This Indicator Helped Me Avoid the 2008 Stock Market Crash

We spend a lot of time here at Profitable Trading showing you how to use options to generate income and hedge your portfolio. Investors are slowly opening up to the idea of actively using options for market-beating returns and consistent income. 

For example, my colleague, Amber Hestla, has generated 54.5% average annualized gains with a simple put selling strategy on her way to a perfect track record. You can see the details here.

While many have shed their reservations about using options for trading, there is another use for derivatives that we haven't talked about much. 

One of my favorite uses for options is not for direct buying or selling, but as a gauge of market sentiment.

While no indicator is perfect, this is one of the most widely followed by professional traders and can actually help you time the market.

In fact, it is by using this powerful options indicator that I avoided much of the sell-off in stocks when the market crashed in 2008. This indicator started flashing warning signals in 2006 that the market was too exuberant about future returns. I gradually started to hedge my positions in 2007, and waited for the eventual sell-off. 

The Put-Call Ratio

The put-call ratio is an extremely easy-to-use indicator and marvelous in its simplicity. The ratio is the number of put options traded divided by the number of call options traded over a given period, usually one month or more.

For example, if there were a total of 2.9 million put options traded on the exchange and 3.2 million call options traded, the put-call ratio would be 0.91 for the period. Since calls, which represent an option to buy, outnumber puts, the measure would indicate bullish sentiment.

The ratio is most often used as a contrarian indicator -- a way of betting against the investment herd. When the ratio is extremely high, i.e., many put options relative to calls, contrarian investors reason that traders are overly pessimistic. When the ratio reaches extreme highs or lows, it may mean that the bullish or bearish outlook has gone too far and the potential exists for a market reversal.

For example, if everyone is buying calls and overly bullish, then the potential for new buyers may soon hit a limit, and the market will fall when the bulls start taking profits. Conversely, if everyone is selling, then the market may turn higher when buyers start scooping up lower prices.

The Chicago Board Options Exchange (CBOE) website provides historical data for the put-call ratio on equities, indices and the total. The equity put-call ratio measures options traded on individual stocks. The index put-call ratio focuses on options traded on the major indices, while the total put-call ratio is an aggregate measure of the two.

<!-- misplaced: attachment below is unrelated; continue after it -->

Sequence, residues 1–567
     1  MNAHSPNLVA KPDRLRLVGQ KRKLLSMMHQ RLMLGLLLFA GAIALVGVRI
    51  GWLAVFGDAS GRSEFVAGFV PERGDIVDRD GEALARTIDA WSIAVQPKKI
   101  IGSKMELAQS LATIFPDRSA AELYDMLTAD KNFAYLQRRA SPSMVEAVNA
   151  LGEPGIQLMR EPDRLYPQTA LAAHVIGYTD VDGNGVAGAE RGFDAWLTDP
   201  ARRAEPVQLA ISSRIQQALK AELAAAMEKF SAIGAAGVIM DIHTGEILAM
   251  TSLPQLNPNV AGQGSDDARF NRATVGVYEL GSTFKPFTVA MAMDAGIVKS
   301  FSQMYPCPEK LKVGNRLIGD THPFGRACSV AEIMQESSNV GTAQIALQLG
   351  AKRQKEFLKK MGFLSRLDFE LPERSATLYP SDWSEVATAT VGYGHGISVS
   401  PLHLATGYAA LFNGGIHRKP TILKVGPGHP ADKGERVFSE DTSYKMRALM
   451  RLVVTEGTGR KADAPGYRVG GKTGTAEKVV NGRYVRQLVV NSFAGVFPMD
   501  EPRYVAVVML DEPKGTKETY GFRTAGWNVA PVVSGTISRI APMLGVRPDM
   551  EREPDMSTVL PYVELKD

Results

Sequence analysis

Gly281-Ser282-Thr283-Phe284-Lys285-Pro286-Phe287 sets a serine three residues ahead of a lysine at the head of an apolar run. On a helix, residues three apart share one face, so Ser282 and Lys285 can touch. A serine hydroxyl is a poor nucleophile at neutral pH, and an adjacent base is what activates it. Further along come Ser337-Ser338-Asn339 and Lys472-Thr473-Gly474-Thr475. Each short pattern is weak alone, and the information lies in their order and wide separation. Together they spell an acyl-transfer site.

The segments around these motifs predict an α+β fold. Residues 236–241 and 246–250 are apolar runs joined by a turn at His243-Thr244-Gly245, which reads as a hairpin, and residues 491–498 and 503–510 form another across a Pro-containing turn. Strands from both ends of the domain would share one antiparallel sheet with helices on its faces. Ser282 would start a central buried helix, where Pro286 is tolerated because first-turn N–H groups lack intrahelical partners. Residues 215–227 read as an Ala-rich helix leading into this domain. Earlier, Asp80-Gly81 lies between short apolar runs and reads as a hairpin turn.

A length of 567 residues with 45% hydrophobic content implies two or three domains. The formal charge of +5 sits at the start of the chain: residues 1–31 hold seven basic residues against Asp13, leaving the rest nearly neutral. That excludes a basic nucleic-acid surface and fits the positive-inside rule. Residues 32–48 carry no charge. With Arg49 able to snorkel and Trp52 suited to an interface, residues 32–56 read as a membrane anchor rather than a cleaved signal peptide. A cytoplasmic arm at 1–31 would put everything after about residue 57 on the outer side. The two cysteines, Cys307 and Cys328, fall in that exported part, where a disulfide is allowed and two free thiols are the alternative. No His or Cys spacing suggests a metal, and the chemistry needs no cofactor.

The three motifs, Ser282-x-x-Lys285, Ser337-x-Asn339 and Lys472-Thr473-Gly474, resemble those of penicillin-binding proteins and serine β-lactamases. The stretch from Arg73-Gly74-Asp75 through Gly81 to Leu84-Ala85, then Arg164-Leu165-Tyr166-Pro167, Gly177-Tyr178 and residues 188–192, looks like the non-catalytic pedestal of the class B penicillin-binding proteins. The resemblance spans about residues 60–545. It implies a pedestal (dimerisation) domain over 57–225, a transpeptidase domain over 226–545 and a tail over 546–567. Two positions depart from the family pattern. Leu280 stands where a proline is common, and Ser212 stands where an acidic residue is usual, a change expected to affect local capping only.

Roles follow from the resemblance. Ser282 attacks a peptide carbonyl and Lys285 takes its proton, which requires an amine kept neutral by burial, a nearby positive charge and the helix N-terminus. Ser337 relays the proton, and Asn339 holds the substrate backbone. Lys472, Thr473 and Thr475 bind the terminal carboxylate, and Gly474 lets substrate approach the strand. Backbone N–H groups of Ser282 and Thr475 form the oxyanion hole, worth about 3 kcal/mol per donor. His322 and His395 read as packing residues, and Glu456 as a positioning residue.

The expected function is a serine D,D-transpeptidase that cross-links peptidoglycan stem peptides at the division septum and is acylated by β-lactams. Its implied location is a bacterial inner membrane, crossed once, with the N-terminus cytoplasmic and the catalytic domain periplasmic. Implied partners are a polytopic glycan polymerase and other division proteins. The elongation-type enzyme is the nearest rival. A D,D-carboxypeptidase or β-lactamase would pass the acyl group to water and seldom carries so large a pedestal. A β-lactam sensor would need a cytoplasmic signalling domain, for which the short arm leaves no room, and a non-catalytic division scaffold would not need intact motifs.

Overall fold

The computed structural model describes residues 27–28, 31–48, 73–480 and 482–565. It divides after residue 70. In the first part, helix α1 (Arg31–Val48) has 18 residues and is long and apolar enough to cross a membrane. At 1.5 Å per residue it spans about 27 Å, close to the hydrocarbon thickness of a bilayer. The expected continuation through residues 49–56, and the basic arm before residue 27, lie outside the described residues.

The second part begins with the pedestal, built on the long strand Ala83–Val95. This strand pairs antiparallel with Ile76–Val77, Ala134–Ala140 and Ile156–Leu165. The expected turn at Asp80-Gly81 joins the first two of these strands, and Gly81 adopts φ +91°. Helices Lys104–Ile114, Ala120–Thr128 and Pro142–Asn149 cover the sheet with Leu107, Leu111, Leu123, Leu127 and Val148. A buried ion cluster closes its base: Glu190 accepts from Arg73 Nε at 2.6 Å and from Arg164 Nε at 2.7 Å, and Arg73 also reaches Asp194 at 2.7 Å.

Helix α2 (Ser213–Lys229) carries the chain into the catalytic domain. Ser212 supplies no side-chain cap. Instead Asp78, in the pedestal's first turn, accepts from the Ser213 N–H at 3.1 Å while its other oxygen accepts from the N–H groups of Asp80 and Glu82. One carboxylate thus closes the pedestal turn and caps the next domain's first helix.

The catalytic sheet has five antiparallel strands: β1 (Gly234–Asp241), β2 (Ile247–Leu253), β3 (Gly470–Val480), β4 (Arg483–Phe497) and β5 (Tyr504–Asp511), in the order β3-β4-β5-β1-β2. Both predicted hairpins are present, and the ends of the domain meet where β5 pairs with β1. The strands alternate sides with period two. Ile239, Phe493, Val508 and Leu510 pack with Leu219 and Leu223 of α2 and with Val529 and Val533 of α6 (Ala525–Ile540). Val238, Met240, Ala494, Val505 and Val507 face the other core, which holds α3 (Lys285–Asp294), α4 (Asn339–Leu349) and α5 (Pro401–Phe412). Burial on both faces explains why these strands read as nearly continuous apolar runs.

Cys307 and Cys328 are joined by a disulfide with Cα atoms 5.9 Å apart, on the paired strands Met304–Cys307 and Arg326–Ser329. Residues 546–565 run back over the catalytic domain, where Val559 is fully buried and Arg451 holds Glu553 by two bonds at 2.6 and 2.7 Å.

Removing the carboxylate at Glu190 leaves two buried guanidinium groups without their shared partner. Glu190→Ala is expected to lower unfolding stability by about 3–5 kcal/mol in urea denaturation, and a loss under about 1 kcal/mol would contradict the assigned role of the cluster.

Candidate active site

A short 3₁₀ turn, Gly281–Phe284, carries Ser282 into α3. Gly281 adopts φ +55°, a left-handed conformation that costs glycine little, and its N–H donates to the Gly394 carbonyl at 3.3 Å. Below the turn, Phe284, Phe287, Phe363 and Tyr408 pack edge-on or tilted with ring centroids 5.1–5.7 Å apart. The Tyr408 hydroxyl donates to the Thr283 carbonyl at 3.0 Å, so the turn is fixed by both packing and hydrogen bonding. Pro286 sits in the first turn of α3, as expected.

Since professional traders often use index options to hedge their portfolios, the index put-call ratio is usually above 1. Traders and investors are generally much more optimistic on individual stocks, so there are typically fewer puts relative to calls in the equity put-call ratio, meaning a measure of less than 1.

Using the Put-Call Ratio for Market Timing

I like to use the CBOE Total Put-Call Ratio (CPC) because it combines equity and index options for a more inclusive view of market sentiment. Since the daily ratio makes for a muddled chart, the best way to use it is through a simple moving average to smooth the data. Some traders use the 10-day moving average for short-term market direction. I use the 120-day moving average for longer-term market movements and do not generally try to time shorter changes.

I graphed the total put-call ratio from 2005 below. The average over the period is 0.93, which reflects general optimism for stocks with more calls relative to put options. I placed bullish and bearish indicators at 1 and 0.85, though there is no rule as to where the indicators are placed. When the ratio is around 0.85, it means there are much fewer puts relative to calls traded and the market may be overly bullish. Conversely, a ratio of 1 is well above the long-term average and may indicate an overly pessimistic sentiment.

Put-Call Ratio Chart

After the put-call ratio moves beyond one of the boundaries, I like to wait for confirmation of a turn in sentiment by waiting for the ratio to significantly correct from my boundary line. This may mean that you miss some of the initial change in sentiment, but it also helps avoid some of the false shifts indicated by the ratio. 

Watching the put-call ratio in 2006 helped me see the extreme bullish sentiment in the market as calls handily outnumbered puts. The indicator was early in its warning of the market top, and hedging my portfolio in 2007 did cause me to miss out on some gains, but it also helped me avoid much more in losses when the bottom dropped out.

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